U.S. House Speaker John Boehner, R-Ohio
U.S. House Speaker John Boehner, R-Ohio REUTERS

Correction: A previous version of this story stated that Sean Hannity took part in past “Hold Their Feet to the Fire” events. He has not.

In 2007, a coordinated campaign of outrage by conservative talk radio hosts over then-President George W. Bush’s push to enact comprehensive immigration reform helped topple the bill. Influencers like Rush Limbaugh and Sean Hannity made immigration the biggest topic on their programs, and their efforts worked, as shown in a study by the Pew Research Center. Now they're at it again, this time targeting some of their own.

Fifty conservative radio hosts will gather in Washington next week (April 9-10) to mount another over-the-air fight against the current immigration reform effort, but they aren't going to fight the Democrats who support it; their target is House Republicans.

The event organizer, the Federation for American Immigration Reform, or FAIR, is tight-lipped about the names of hosts who will broadcast their show live from the Phoenix Park Hotel in Washington, D.C., mere steps from Capitol Hill. However, past participants in the annual “Hold Their Feet to the Fire” radio meeting included Joyce Kaufman and Lars Larson -- with a combined millions of listeners.

FAIR says the event will underscore the Republican divide on the issue. Of particular concern for the group is House Speaker John Boehner’s perceived malleability on immigration reform. The Ohio Republican has come out in support of immigration reform. However, earlier this year, under pressure from immigration reform advocates, Boehner released a set of principles for reform he thought could help negotiate with Democrats on a reform bill that passed the Senate but stalled in the House. But less than a week after the principles’ unveiling, Boehner took them off the table, saying Republicans could not trust President Obama to enforce current immigration laws.

“Our goal, and the goal of the hosts participating in Hold Their Feet to the Fire 2014, is to make sure that the House leadership continues to hear the voices of the American people and is reminded that it is their interests that our immigration laws are supposed to serve,” said FAIR President Dan Stein.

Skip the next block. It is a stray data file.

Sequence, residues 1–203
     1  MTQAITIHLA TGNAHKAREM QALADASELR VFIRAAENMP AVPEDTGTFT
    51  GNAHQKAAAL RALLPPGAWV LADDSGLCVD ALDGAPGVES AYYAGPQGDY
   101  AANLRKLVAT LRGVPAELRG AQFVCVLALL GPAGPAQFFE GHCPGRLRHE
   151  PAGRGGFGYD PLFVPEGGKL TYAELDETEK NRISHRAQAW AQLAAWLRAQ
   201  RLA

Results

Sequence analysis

“The focus of our talk [radio] hosts will be on stopping speaker Boehner from enacting legislation that hurts U.S. workers,” said Kristen Williamson, spokeswoman for FAIR.

Conservative groups have been critical of Boehner ever since congressional Republicans cut what the groups deemed a bad budget deal with Democrats in December. Boehner has counter-criticized the groups, dismissing them as having “lost all credibility” for forcing Republican members of Congress to adopt positions they don't want to, and for “misleading their followers.”

While the conservative movement keeps trying to stall any effort in Congress for immigration reform, Democrats are keeping up the fight. One of the most prominent congressional voices for immigration reform is giving Republicans a deadline: Get serious on reform by the summer, or face the consequences of antagonizing Latino voters.

“After almost a year with no serious movement forward on immigration reform in the House, I am beginning to wonder whether the Republicans will get serious about immigration before they run out of time,” said Rep. Luis Gutierrez, D-Ill., an advocate for reform, speaking on the floor earlier this week. “If Republicans have not gotten an immigration reform bill seriously rolling down the tracks by the time we break for Independence Day… Republicans might as well just fold up the big tent they always talk about. One thing is for sure: Republicans will not be pitching that tent at 1600 Pennsylvania Avenue anytime soon.”